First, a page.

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Succession of hide-seek and pursuit-evasion at heterogeneous locations

Wednesday 18th June 2014, 4.00pm

32L LG.08, LSE

Shmuel Gal

University of Haifa

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Abstract:

A predator (searcher) looks for a prey (hider) in a search space consisting of n locations. The hider chooses a location and the searcher inspects k different locations, where k is a parameter of the game (the `giving-up time’ for the continuous version). If the predator visits a location i at which the prey hides, then the game moves into a pursuit-evasion phase. In this phase capture is not certain but occurs with probability p_i.

We show that for all k smaller than an easily calculated threshold, it is optimal to hide with probability proportional to 1/p_i for each location i: If k exceeds the threshold, then the optimal hiding strategy is always to stay at the location with the smallest p_i.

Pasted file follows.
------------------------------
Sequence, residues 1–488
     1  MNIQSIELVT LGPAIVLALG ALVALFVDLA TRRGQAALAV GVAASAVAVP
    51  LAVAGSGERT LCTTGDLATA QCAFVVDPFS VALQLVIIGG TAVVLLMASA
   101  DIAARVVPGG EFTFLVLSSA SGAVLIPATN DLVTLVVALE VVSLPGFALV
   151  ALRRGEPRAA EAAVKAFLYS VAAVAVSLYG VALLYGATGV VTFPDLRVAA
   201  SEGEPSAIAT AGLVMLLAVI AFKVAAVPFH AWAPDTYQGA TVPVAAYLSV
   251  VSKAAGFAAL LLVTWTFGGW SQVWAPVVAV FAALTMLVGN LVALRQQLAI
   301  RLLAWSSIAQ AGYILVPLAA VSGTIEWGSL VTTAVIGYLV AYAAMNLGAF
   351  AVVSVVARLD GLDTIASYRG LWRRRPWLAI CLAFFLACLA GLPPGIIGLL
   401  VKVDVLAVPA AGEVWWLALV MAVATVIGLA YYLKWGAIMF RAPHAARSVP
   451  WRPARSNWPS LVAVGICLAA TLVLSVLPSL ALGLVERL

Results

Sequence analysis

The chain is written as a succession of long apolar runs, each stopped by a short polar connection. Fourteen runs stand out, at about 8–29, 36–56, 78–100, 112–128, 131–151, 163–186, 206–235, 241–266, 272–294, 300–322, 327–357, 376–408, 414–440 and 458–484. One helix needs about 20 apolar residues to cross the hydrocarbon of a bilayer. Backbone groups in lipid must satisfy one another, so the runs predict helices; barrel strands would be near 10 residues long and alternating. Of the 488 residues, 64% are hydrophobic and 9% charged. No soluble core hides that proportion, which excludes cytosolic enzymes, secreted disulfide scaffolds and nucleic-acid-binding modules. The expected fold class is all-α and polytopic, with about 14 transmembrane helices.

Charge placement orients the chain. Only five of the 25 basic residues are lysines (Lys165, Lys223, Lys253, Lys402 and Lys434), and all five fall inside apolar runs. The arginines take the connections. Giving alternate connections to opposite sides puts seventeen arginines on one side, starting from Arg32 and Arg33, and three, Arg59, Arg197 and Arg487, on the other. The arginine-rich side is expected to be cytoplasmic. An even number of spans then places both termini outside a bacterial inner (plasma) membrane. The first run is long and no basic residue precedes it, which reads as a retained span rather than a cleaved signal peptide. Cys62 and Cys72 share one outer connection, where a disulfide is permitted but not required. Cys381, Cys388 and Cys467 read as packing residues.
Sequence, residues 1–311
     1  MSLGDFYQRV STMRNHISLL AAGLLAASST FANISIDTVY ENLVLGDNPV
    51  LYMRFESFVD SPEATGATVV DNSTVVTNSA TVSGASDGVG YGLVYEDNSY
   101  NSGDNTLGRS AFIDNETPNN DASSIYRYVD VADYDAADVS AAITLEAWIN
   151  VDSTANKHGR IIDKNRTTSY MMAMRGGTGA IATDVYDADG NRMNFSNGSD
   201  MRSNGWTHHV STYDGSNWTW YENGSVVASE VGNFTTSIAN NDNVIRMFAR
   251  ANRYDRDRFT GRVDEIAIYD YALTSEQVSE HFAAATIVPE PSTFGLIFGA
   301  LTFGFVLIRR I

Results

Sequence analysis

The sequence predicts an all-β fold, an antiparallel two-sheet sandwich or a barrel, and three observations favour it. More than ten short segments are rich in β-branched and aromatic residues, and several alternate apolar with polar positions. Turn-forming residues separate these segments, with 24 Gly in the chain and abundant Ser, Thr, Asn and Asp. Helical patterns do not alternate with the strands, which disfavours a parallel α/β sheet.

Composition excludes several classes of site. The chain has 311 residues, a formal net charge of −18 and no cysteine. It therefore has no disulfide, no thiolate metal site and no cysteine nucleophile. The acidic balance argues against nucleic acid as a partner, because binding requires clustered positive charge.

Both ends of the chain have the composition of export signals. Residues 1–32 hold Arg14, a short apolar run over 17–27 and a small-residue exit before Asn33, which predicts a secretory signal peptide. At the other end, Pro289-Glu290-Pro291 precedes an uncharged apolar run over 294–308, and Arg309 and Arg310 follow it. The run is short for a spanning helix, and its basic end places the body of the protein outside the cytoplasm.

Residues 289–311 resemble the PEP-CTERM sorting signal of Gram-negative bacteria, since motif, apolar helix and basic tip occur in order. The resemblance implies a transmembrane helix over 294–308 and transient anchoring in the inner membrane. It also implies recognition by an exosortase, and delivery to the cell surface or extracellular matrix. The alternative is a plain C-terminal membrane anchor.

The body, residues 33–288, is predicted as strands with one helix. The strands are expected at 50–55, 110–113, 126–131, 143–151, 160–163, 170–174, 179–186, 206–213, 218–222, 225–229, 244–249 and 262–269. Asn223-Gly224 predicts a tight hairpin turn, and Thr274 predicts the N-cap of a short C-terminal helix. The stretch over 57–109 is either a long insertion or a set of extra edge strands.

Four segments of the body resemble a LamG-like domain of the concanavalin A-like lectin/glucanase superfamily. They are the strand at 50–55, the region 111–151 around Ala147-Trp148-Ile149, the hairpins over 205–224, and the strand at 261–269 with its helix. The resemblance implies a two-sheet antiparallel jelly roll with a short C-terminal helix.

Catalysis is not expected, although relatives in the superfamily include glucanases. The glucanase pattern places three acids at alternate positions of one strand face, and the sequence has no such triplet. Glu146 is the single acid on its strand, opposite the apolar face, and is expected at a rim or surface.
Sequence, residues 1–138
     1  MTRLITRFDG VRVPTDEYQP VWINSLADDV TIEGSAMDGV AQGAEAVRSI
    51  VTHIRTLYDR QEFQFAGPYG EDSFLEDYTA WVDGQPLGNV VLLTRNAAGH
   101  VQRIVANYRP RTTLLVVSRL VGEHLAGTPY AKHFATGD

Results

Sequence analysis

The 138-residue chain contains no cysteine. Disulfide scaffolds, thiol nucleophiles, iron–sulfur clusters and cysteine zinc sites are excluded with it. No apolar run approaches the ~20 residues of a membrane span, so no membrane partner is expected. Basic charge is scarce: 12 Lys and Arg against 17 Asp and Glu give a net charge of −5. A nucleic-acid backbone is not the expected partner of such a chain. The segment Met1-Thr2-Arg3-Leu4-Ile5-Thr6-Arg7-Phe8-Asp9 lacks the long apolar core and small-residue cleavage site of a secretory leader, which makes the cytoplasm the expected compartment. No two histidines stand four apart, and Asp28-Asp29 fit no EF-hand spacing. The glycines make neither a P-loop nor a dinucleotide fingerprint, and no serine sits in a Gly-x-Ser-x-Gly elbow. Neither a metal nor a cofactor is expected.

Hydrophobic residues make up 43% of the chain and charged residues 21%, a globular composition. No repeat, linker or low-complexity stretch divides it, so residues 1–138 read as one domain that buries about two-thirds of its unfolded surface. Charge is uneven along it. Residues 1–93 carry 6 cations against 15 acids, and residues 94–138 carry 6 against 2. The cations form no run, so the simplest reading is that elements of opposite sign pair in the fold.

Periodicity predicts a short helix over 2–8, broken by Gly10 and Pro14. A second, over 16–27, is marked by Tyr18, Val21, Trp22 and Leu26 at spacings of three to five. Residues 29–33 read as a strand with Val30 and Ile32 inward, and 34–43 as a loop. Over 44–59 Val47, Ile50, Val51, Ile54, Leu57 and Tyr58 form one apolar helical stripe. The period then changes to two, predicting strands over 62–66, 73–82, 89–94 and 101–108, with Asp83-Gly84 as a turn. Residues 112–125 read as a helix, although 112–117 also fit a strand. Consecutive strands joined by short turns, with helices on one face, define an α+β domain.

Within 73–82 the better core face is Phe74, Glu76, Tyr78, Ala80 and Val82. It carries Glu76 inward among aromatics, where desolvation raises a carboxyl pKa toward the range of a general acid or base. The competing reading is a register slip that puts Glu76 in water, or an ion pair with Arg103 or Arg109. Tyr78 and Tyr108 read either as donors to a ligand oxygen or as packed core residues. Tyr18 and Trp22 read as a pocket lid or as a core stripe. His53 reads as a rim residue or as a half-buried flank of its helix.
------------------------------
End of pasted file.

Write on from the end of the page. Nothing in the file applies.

We extend this game to a repeated game. During the k looks among the different locations within a single patch, there can be any of three events. First, if the searcher does not find the hider, then the game ends with zero payoff for the searcher and a payoff of one to the hider. Second, if the searcher finds the hider and catches it, then the game ends with a payoff of one to the searcher and zero to the hider. Finally, if the searcher finds the hider but does not catch it then the hider escapes to another patch and the process restarts. We show that in this game the optimal hiding strategy is to always make all the locations equally "attractive" for the searcher, no matter how large is k: This situation is quite different from the one stage game in which solutions of this type occur only if k is below the threshold.

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